DOT Compliant

DOT Compliant

Reasons for DOT Audit: 


A new entrant audit occurs during the company’s first 18 months in business, although it usually happens within the company’s first six months after DOT has assigned your business a number.


You will be the subject of a targeted audit if your CSA score is high.

    • Crash rate: The DOT acceptable crash rate is 1.5 crashes per million miles driven. If your drivers have a higher ratio than that, DOT may initiate a compliance review.
    • Citizen’s complaints: While that is true that the occasional citizen will complain to DOT about the way a driver has passed them on the road or cut them off in traffic, most of these complaints come from disgruntled employees. Very often they base these complaints on areas where they think you will have a difficult time defending yourself.
    • Critical crash: If any of your drivers are involved in a crash that results in a fatality or is extremely high-profile, it will trigger a compliance review. For instance, a truck that overturns, spills its entire cargo across an interstate highway and blocks traffic in one or both directions for hours — something sure to be on the news — will likely cause a review.
    • Random selection: Sometimes you will get a call from DOT saying it’s your time for a compliance review. It’s purely the luck of the draw.



  1. General DOT Information: You must provide evidence and documentation of insurance for all your vehicles and the kind of cargo that the vehicles are transporting. This means you should prepare all proper forms, such as the MCS-90, for inspection.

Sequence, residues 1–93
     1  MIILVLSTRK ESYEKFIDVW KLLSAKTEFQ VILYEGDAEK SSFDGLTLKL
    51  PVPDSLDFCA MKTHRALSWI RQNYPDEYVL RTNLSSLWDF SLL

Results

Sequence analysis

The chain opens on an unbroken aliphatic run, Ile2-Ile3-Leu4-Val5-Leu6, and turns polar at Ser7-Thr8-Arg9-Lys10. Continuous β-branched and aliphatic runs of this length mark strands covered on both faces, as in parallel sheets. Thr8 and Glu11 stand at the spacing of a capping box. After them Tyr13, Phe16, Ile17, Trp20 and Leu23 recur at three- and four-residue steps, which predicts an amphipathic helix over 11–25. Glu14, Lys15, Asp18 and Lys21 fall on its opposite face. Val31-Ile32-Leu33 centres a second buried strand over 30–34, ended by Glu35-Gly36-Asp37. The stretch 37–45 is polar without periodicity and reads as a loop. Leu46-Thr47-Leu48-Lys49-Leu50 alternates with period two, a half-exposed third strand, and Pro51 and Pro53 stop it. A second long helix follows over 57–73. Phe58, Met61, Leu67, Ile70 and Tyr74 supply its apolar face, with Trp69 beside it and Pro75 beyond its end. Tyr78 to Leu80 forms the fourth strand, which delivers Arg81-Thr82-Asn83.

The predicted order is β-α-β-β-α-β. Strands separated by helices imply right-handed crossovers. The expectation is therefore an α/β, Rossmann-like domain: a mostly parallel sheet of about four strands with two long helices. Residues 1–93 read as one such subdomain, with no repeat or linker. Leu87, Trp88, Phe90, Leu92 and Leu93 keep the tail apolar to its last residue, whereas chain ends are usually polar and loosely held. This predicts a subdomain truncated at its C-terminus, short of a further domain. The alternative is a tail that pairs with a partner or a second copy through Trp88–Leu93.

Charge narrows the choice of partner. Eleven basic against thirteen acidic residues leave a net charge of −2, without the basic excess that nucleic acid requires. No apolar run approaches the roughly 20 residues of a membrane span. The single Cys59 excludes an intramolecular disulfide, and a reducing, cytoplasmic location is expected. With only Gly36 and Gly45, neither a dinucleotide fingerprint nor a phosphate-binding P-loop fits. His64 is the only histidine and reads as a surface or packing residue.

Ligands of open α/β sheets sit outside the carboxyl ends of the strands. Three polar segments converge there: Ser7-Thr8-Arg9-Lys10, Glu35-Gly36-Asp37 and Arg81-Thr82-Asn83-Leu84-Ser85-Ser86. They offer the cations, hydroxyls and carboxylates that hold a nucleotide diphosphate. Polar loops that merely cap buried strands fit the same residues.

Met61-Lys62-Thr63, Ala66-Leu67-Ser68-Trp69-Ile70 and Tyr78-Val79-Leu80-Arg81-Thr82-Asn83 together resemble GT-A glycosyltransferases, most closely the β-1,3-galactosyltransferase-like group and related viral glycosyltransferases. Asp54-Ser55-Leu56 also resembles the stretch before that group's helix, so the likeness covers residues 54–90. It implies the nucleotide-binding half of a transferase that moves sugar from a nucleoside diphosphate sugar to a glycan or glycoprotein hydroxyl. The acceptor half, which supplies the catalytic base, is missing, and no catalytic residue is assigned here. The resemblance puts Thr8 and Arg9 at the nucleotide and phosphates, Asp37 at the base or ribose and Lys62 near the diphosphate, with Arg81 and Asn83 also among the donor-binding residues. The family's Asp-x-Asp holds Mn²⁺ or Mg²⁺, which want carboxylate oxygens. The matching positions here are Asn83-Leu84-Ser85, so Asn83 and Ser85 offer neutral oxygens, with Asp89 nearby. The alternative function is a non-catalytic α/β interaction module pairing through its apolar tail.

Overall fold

2. Driver Qualification Files: This section of the review covers licenses, qualifications and testing for drugs and alcohol.
  3. Operational Logs: Anyone operating a CMV needs to follow all the regulations about driving limitations and hours of service. When the DOT auditor arrives, they will need to see at least six months of driver logs and documents that support the logs.
  4. Vehicle Requirements: Any CMV in your possession for more than 30 consecutive days must be enrolled in a maintenance program that includes regular inspection and repairs.


CSA Score for company with US runs.

BASIC Category

Violation Examples


Unsafe driving

·         Speeding

·         Reckless driving

·         Improper lane change

Crash indicators

·         Crashes/accidents


Hours-of-service compliance

·         Improperly documented logbooks

·         Hours of service violations like not taking a 30-minute break or driving too many hours


Vehicle maintenance

·         Broken brakes

·         Lights malfunctioning

·         Vehicle defects

·         Failure to make required repairs

Controlled substances/alcohol

·         Use/possession of controlled substances or alcohol


HAZMAT compliance

·         Leaking containers

·         Not properly packaged

·         Improper placarding


Driver fitness

·         Invalid license

·         Unfit to operate CMV based on medical requirements